JG: Thanks for your time!
SC: No problem. Thanks for the opportunity.

JG



Today we’re simply pointing you to great tools that will help students grow on their own. Check them out in consideration of something that would work in your ministry context as well:

1-Minute Bible by Doug Fields
You’ve committed yourself to more Bible reading plans than you care to admit, and you’re 187 chapters behind in your latest attempt. If this sounds familiar, then the One Minute Bible for Students is what you need to get back and stay on track. Do the math. There are 1400 minutes in a day. It will take you One Minute to read a passage of Scripture. “Hey, that’s doable!” Additionally, veteran youth pastor Doug Fields has contributed some great insights to help you apply these short, one-minute Scripture readings to your every day life.

Student Leaders Start Here by LeaderTreks
Student Leaders Start Here is a practical, interactive workbook, to help students grow in leadership. It focuses on three topics that are crucial for developing as a leader, and gives students a personal leadership profile for their strengths and growth areas in each topic. Give this book to the individual student who is growing in leadership, or use it in your student leadership team and small groups when you follow the bonus pages for small group facilitators.

Stripped Clean by Jeff Storm

Give your teenagers a guilt-free, up-close look at materialism—one that strips away the overwhelming messages of a consumer society. You’ll see authentic changes in readers as they tear out pages to use in Jesus-centered activities.

Case for Christ Student Edition by Lee Strobel
Who Was Jesus? A good man? A lunatic? God? There’s little question that he actually lived. But miracles? Rising from the dead? Some of the stories you hear about him sound like just that—stories. A reasonable person would never believe them, let alone the claim that he’s the only way to God! But a reasonable person would also make sure that he or she understood the facts before jumping to conclusions. That’s why Lee Strobel—an award-winning legal journalist with a knack for asking tough questions—decided to investigate Jesus for himself.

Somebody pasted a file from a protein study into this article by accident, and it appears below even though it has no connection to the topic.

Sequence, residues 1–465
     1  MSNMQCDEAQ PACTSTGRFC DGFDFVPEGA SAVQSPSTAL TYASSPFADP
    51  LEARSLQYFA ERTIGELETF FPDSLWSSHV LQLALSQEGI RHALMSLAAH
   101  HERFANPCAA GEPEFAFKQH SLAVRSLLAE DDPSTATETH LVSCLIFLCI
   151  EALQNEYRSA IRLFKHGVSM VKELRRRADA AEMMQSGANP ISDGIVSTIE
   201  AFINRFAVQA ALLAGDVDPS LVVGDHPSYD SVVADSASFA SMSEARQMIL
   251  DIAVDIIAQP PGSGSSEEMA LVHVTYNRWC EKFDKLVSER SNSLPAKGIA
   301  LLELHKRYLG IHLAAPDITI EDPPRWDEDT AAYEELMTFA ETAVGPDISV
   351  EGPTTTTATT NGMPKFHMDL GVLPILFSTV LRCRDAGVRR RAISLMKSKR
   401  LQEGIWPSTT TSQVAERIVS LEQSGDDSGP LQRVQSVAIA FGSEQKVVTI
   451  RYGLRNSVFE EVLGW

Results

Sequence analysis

Live Large. Be Different. Shine Bright. By Josh Griffin and Doug Fields
In Live Large. Be Different. Shine Bright., Doug Fields and Joshua Griffin share about some important character qualities that will help teenagers live large, be different, and shine bright. A lot of what Doug and Joshua write about doesn’t seem to get much sermon time, but these topics are definitely worthy of consideration and experimentation—topics like competition, laughter, cliques, encouragement and several others will help teenagers in the process of being a more vibrant follower of Jesus.

More Than a Carpenter by Josh McDowell
With almost 10 million copies in print, More Than a Carpenter continues to be the most powerful evangelism tool worldwide. Josh McDowell’s timeless examination of the true nature of Christ and his impact on our lives is one of the best-selling Christian books ever. Written by a former skeptic of Christianity, it is a hard-hitting book for those who doubt Jesus’ deity and his purpose.

Your Own Jesus by Mark Hall
A true storyteller and a teacher with a heart for ministry, Mark Hall traces the downward spiral caused by spiritual compromise with the world, and then charts the upward road to wholeness and restoration that comes when we claim our very own Jesus. When that happens, believers experience authentic fellowship with the one living God. Through fascinating personal stories, scriptural insights, and discussion questions for practical interactive study, Your Own Jesus: Student Edition will set readers free to live without compromise with the Jesus they come to know intimately and love fully.

ETHIX: Being Bold in a Whatever World
High school and college students are bombarded today with mixed media messages of moral relativism. ethiX: Being Bold in a Whatever World helps young adults better understand how to make Bible-informed ethical decisions on the issues of abortion, homosexuality, marriage and divorce, the morality of war, cloning, euthanasia, capital punishment, sexuality, and more.

Middle School Survival Series by Kurt Johnston, Mark Oestreicher, and Scott Rubin
There are six books in this series: My Faith, My Family, My Friends, My School, My Changes and My Future. Each book consists of 72 easy-to-read mini chapters written specifically for young teens.

This post was written by Josh Griffin and Kurt Johnston and originally appeared as part of Simply Youth Ministry Today free newsletter. Subscribe to SYM Today right here.